All these reasons are why the Rachel Carson Council National Environmental Leadership Fellowship exists. By creating cohorts of students at numerous colleges and universities around the country, the RCC Fellowship program serves to build and share knowledge, to create a network, and to provide mutual support. It is a community. Students can connect and relate with one another’s successes and challenges and help one another as they pursue various sustainability and environmental projects. I have loved being part of the RCC Fellowship thus far, as it continues to represent just how powerful community can be.

The importance of community is why I am leading efforts to build a Boston Colleges Climate Coalition, particularly with the colleges in the area around Wellesley. Many of our climate organizations have been working on topics like divestment, sustainability, and climate justice. Reaching such goals at colleges takes considerable time and effort to obtain student buy-in, collaborate with administrations, gain approval from Boards of Trustees, and, ultimately, achieve a successful campaign. No wonder many of us feel exhausted and overwhelmed. On some campuses, initiatives have even moved away from larger campaigns, like divestment, because of their mental health effects on campus climate organizers. What we need now is not more projects or more tasks to complete, but rather a community that we can fall back on. People to talk to, hang out with, become friends with, and support one another in our climate initiatives.

At Wellesley in EnAct, the environmental action student organization that I lead, community building is one of our primary goals. While we conduct campaigns like improved waste management on campus, incorporating sustainability training into first year orientation, and taking part in local and regional climate action initiatives, we also spend a lot of time together. What that means is that in the same week of climate organizing, we also do things like going apple picking (as photographed) or hosting movie nights. These events ensure that we build relationships with one another, and it strengthens our ability to conduct successful climate work.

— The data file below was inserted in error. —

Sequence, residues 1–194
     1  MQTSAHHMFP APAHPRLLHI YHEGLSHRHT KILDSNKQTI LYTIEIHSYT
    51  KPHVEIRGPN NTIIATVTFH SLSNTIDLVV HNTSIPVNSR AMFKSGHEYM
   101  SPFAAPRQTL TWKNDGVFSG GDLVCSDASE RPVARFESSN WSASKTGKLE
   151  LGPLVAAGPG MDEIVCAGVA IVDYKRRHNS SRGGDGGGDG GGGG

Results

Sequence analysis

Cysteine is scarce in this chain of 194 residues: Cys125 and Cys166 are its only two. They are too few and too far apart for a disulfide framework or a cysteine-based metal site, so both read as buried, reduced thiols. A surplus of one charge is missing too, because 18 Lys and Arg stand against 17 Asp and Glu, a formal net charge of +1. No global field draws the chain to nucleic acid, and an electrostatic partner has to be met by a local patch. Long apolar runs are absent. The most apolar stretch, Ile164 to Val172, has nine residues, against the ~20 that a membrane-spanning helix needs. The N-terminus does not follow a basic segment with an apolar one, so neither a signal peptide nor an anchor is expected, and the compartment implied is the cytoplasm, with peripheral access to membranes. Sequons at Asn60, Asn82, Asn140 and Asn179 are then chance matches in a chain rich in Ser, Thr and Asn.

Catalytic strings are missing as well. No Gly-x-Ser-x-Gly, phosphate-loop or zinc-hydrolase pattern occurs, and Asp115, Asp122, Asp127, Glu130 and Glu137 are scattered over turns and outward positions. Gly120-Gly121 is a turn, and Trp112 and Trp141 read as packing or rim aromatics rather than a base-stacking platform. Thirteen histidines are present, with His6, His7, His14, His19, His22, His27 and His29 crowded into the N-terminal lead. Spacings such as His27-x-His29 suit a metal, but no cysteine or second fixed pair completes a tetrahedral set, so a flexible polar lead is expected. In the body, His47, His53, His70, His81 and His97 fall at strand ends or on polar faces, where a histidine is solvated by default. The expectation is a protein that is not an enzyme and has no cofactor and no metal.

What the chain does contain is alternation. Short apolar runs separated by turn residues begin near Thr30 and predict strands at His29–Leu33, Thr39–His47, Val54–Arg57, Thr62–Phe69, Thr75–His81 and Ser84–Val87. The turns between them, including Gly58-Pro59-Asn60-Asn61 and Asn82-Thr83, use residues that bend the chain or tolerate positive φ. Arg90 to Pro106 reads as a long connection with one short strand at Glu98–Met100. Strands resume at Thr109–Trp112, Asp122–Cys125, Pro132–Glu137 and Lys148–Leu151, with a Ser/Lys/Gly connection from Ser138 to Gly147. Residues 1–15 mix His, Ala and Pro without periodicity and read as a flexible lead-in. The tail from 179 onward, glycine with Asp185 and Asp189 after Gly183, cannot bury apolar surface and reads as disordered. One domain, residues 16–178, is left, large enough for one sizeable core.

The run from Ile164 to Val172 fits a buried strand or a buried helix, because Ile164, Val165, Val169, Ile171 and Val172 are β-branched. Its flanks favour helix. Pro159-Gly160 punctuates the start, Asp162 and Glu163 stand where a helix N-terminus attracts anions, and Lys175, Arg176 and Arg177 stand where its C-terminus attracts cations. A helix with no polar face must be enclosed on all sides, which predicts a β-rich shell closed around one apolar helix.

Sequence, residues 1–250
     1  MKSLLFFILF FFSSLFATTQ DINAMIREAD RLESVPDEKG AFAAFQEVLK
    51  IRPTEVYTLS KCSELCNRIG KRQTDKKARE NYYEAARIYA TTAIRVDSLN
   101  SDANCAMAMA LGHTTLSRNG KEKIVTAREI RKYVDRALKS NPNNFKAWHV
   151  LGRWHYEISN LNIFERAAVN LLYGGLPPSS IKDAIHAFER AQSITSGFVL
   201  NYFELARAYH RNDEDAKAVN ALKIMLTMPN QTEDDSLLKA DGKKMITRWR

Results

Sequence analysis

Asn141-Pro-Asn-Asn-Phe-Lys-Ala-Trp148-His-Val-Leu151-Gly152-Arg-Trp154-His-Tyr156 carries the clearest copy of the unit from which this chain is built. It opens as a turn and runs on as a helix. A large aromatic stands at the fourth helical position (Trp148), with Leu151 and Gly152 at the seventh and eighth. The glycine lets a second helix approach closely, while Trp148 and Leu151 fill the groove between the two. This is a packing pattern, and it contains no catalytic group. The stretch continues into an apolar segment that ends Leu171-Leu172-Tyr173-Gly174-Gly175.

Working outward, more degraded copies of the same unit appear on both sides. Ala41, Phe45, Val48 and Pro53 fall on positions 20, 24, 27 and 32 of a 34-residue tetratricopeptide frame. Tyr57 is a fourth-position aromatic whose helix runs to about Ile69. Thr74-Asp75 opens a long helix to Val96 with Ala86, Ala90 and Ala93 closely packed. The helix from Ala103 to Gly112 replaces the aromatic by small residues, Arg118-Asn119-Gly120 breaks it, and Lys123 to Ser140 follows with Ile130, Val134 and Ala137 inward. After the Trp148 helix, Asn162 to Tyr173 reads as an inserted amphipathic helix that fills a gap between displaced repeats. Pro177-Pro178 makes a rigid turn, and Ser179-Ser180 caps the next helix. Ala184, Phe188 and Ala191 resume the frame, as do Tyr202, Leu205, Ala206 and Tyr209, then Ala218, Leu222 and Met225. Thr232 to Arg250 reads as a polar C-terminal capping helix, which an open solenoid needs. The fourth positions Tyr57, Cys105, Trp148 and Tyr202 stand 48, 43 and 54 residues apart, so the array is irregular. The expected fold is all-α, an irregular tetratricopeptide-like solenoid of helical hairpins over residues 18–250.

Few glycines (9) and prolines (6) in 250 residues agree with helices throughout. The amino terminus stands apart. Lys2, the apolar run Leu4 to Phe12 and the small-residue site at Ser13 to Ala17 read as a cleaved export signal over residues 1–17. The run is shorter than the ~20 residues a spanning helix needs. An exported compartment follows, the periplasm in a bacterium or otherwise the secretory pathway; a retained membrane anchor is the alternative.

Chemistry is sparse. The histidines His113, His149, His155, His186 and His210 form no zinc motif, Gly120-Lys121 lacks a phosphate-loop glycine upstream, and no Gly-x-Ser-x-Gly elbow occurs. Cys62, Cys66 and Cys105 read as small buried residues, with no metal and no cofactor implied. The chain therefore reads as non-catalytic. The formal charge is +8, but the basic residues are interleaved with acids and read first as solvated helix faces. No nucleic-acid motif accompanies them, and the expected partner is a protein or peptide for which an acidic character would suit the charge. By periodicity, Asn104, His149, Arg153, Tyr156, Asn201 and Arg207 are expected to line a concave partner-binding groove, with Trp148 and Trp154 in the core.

I don’t want to hide the realities of living in our current world. The climate space will continue to be a place of burnout and anxiety. We are living in a climate crisis where we can already see the effects of harsher storms, longer droughts, and hotter days. Progress needs to be made rapidly as we race to limit global warming to 1.5°C. Institutions, governments, and companies need to do better. They will not improve without people pushing them to improve. Nevertheless, it is also critical to take care of yourself because as much as climate action is a race, it is also a test of endurance. And what better way to take care of yourself than surrounding yourself with a community running towards the same climate goals as you?

Cleary, we are stronger together than we are apart.

Suzanna Schofield – RCC National Environment Leadership Fellow – Wellesley College

RCC Fellow Suzanna Schofield is a senior at Wellesley College, double majoring in Environmental Studies and Peace and Justice Studies with concentrations in water conservation, sustainable community development, and public health. In addition to the RCC, her efforts include involvement and leadership in EnAct, the environmental student organization at Wellesley, Wellesley Climate Coalition, the Madeleine Korbel Albright Institute for Global Affairs, World H2O Hub, Inland Ocean Coalition and Amboseli Wildlife and Communities.